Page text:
‘Giving Ryde’s Past to the Future’

Historic Ryde Society Quiz Night Thursday 29th June 2023 at Yelf's Hotel, at 7p.m. for 7.30pm.

Isle of Wight Times January 9th, 1879

What might have been a very serious explosion of gas took place on the premises of Mr Miller, tailor and outfitter, High-street, on Saturday morning. It appears that when Mr A Miller came downstairs he noticed a strong smell of gas in the back sitting-room, and told the boy to put some water into the slide of the gasolier, but instead of doing so, he got a pair of steps and went to the top of the room and struck a match, and the gas having collected near the ceiling, a sharp explosion immediately followed. The boy himself, (named Whittington) was thrown violently off the steps and his head and face rather severely scorched. The window of the sitting-room was blown out, and the door between the shop and the room shivered into splinters, some of which were found in the shop window, which was also shattered. Mr A Miller, who was in the shop, was thrown violently into the street, and his face was cut by the pieces of plate glass from the window. Happily, the premises were not set on fire, but the furniture and stock were scorched and singed. One fortunate circumstance was in the fact that the shop door, which had only just been closed, had been open for some time, thus allowing a considerable quantity of gas to escape, or the results might have been much more disastrous. Mr Miller is carrying on his business in the shop opposite, (formerly occupied by a chemist) during the necessary repairs.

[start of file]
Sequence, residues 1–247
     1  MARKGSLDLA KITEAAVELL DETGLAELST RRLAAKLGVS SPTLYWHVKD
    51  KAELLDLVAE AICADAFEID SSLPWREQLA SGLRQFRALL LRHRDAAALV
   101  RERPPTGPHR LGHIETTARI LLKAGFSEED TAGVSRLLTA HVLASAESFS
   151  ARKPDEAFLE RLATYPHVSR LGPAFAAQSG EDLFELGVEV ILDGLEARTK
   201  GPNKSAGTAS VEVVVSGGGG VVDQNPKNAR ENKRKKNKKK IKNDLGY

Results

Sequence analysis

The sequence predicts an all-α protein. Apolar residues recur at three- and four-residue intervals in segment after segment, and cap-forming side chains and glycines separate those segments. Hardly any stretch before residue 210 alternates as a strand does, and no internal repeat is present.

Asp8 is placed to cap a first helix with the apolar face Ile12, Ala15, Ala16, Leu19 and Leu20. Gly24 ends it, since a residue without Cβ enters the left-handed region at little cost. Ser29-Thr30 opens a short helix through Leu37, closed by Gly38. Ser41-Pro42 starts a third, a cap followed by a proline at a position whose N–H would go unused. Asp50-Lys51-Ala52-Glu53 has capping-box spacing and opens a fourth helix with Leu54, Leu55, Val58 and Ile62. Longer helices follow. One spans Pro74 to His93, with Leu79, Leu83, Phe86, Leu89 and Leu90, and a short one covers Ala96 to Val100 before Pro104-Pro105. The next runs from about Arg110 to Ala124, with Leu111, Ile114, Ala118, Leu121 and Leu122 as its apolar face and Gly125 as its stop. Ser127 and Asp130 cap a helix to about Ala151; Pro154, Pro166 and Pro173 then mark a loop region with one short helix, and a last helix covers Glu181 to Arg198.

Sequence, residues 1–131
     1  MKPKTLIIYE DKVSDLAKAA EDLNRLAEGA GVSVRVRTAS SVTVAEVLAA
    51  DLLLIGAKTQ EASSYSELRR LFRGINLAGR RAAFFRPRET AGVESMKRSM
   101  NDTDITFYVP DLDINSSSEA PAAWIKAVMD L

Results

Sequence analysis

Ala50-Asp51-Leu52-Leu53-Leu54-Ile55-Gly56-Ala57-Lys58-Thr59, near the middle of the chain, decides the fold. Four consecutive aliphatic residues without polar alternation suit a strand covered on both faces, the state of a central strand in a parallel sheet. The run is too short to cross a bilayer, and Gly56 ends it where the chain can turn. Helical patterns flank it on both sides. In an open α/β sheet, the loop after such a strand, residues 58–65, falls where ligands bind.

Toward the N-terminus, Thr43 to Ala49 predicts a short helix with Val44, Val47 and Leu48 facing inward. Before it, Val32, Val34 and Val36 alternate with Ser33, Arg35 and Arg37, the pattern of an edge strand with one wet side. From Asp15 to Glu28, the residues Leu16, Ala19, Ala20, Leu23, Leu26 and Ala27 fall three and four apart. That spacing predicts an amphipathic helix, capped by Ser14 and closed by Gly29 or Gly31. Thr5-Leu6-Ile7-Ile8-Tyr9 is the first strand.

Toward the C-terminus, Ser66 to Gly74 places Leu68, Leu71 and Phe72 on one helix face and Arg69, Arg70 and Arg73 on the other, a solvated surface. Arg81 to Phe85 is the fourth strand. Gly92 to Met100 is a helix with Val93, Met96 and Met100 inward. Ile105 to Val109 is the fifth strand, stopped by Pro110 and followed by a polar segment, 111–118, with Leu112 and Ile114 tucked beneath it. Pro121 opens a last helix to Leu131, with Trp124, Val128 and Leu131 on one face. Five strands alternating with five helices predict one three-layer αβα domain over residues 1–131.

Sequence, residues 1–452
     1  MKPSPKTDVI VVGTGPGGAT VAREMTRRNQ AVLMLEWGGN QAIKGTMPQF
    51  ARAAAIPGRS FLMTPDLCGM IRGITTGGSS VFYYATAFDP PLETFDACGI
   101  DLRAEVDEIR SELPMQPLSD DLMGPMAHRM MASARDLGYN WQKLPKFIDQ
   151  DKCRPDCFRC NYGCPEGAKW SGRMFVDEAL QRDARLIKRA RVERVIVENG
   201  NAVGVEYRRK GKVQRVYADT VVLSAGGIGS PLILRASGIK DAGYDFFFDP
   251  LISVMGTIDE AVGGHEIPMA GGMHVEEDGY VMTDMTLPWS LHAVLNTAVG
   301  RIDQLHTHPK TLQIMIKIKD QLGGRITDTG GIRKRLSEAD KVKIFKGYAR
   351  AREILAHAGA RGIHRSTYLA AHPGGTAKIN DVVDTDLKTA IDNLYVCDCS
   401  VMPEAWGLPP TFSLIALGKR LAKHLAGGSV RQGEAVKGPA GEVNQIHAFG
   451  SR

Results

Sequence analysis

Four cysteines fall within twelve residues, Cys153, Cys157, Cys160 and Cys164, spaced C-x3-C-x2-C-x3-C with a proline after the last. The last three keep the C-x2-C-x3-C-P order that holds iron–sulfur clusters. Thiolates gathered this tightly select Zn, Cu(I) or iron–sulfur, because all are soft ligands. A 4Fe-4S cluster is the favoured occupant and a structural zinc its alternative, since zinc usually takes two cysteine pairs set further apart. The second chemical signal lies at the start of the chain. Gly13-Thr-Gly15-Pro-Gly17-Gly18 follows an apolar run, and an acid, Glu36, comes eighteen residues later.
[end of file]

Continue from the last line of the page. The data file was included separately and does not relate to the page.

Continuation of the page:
Isle of Wight Observer January 11, 1879

EXPLOSION – On Saturday last a very serious explosion of gas occurred at Mr A Miller’s, tailor, in High-street. It appears that early in the morning Mr Miller noticed a strong smell of gas, and sent a boy named Whitington to find out where it came from. The lad sent into the room behind the shop and incautiously lighted a match, when a tremendous explosion occurred, which blew the plate-glass windows of the shop into little pieces, shivered the door between the shop and the back room to pieces, and also blew out the windows at the back with such violence that a rain water butt in the yard had a number of small pieces of glass sticking into it as if they had been fired from a gun. The furniture and the stock of the shop also caught on fire, but it was soon extinguished, and the greatest damage consisted of several bill files being burnt, and also some cloth singed. It is fortunate no one was passing in the street at the time, or they might have been seriously injured.

The Gas Explosion

Isle of Wight Observer February 20, 1879

To the Editor of the Isle of Wight Observer Dear Sir, – I am pleased to state that the loss occasioned by the late gas explosion at my Outfitting Establishment, 34, High-street, has been promptly met by the Sun and Lancashire Insurance Companies. The damage to the property by the former, and to stock and furniture by the latter Company. The Lancashire Company, upon the representation of their Agent, Mr J A Purnell, have forwarded a cheque for £2 2s to Mr Councillor Barton in acknowledgement of the valuable services rendered by him in running through the shop immediately after the explosion and extinguishing the flame before any serious damage was done to the stock.
Yours obediently,
34, High-street, Ryde           ALFRED MILLER
Feb. 13th, 1879